Prepared for Rotaract: “Intercultural Competence in a Techno World,” by Prof. Jasmin Cowin

May 5th, 2023

The topic of intercultural competence was the focus of my exploration with the Rotaract group. We discussed how to enhance communication and collaboration among people from diverse cultural backgrounds. This skill is essential in the contemporary globalized workforce, where cross-cultural teams are increasingly common and require effective coordination and mutual understanding. To illustrate the differences and similarities among various cultural styles, we used the Hofstede Insights tool ( to compare and contrast the dimensions of national culture for several countries. This exercise helped us to appreciate the complexity and richness of intercultural interactions.

Hofstede’s Cultural Dimensions Theory, developed by Geert Hofstede, is a framework used to understand the differences in culture across countries.
Hofstede’s initial six key dimensions include power distance, uncertainty avoidance, individualism-collectivism, masculinity-femininity, and short vs. long-term orientation. Later, researchers added restraint vs. indulgence to this list. The extent to which individual countries share key dimensions depends on a number of factors, such as shared language and geographical location.
Hofstede’s cultural dimensions are widely used to understand etiquette and facilitate communication across cultures in areas ranging from business to diplomacy.

We then took a look at the hurdles when encountering cultural differences:

1Denial of differenceParticipants in communication fear that cultural differences threaten them or simply deny their existence. As a result, they ignore difficulties and misunderstandings in intercultural communication. Ethnocentrism is a common stance in this stage, meaning that one’s culture is considered better than others.
2DefenseParticipants in communication perceive cultural differences as a threat and react defensively. They see their own culture as superior to others and tend to criticize other cultures. They feel attacked by other cultures and therefore tend to avoid intercultural communication.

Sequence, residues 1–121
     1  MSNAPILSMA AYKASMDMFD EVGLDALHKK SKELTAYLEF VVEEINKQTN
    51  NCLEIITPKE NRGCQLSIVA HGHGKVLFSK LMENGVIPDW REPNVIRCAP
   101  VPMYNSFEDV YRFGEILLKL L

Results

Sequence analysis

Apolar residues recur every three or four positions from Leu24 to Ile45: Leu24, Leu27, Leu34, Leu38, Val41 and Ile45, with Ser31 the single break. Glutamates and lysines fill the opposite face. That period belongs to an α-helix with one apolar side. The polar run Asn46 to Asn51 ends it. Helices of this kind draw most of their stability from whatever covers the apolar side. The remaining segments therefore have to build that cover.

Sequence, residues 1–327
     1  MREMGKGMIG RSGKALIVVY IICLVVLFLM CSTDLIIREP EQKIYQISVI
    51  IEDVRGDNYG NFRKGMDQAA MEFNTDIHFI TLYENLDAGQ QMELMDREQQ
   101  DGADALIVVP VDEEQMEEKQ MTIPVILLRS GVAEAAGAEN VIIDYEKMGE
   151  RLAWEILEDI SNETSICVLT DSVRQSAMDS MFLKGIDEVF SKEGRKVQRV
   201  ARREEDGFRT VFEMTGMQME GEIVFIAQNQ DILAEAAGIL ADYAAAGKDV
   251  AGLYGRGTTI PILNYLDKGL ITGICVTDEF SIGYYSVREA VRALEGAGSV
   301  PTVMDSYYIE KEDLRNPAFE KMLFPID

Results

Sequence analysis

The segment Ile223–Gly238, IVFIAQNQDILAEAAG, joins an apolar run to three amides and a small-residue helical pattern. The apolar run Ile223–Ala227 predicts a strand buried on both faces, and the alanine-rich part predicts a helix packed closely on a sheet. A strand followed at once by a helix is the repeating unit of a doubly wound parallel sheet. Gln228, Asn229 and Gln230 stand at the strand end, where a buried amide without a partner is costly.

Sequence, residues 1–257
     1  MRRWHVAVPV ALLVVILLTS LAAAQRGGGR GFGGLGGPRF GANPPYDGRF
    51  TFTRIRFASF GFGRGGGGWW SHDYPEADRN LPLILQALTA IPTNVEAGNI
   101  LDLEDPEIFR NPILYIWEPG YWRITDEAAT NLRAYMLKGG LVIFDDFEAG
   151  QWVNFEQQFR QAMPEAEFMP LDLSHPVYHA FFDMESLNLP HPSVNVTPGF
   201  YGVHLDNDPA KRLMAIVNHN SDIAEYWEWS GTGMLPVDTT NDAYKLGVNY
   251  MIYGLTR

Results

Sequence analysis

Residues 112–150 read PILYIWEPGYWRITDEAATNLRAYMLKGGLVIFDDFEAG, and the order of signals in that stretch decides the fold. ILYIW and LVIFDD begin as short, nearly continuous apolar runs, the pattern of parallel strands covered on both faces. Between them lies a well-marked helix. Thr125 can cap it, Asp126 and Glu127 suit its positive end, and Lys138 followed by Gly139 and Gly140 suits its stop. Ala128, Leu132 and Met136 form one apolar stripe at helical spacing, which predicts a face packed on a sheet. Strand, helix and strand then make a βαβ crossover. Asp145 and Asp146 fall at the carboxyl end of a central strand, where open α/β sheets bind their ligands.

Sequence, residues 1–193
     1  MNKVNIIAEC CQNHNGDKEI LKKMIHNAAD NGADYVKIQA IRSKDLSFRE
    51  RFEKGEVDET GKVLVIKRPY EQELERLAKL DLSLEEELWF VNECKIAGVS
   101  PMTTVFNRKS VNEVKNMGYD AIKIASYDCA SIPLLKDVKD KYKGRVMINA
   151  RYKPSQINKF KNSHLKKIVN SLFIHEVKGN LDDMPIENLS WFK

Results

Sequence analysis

3MinimizationParticipants in communication acknowledge the existence of cultural differences but try to minimize their importance. They tend to ignore cultural differences, as they see them as insignificant, or even irrelevant. They may also try to universalize their own cultural norms and values.
4AcceptanceParticipants in communication recognize and respect cultural differences and acknowledge that other cultures have equally valid ways of seeing and doing things. They try to understand and appreciate different cultural perspectives. However, they may still struggle with misunderstandings and conflicts.
5AdaptationParticipants in communication are willing to adapt their communication style and behavior to better fit the cultural norms and values of the other culture. They are open to learning from different cultural perspectives and willing to change their own perspectives and behaviors.
6IntegrationParticipants in communication have reached the final stage where they are capable of reconciling cultural differences and forging a multicultural identity. They are skilled at intercultural communication and can effectively navigate different cultural perspectives. They are able to combine different cultural identities and develop a unique multicultural identity.

Intercultural Communication Cycle by Dr. Jasmin (Bey) Cowin:

Author: drcowinj

Education is our passport to the future, for tomorrow belongs only to the people who prepare for it today,” determined Malcolm X at the O.A.A.U.’s [Organization of Afro-American Unity] founding forum at the Audubon Ballroom. (June 28, 1964). (X, n.d.) Dr. Jasmin Bey Cowin a Fulbright Scholar, SIT Graduate, completed the Education Policy Fellowship Program (EPFP™) at Columbia University, Teachers College. Dr. Cowin served as the President of the Rotary Club of New York and Assistant Governor for New York State; long-term Chair of the Rotary United Nations International Breakfast meetings; and works as an Assistant Professor at Touro College, Graduate School of Education. Dr. Cowin has over twenty-five years of experience as an educator, tech innovator, entrepreneur, and institutional leader with a focus on equity and access to digital literacy and education in the Sub-Saharan Africa region. Her extensive background in education, administration, not-for-profit leadership, entrepreneurial spirit, and technology innovation provide her with unique skills and vertical networks locally and globally. Dr. Cowin participates fully in the larger world of TESOL academic discipline as elected Vice President and Chair-Elect for the New York State, NYS TESOL organization, for the 2021 conference. Ongoing research, expressed in scholarly contributions to the advancement of knowledge is demonstrated through publications, presentations, and participation in academic conferences, blogging, and other scholarly activities, including public performances and exhibitions at conferences and workshops. Of particular interest to her are The Blockchain of Things and its implications for Higher Education; Current Global Trends in TESOL; Developing Materials and Resources in Teaching English; E-learning; Micro and Macro-Methodologies in TESOL; E-Resources Discovery and Analysis; and Language Acquisition and the Oculus Rift in VR.

%d bloggers like this: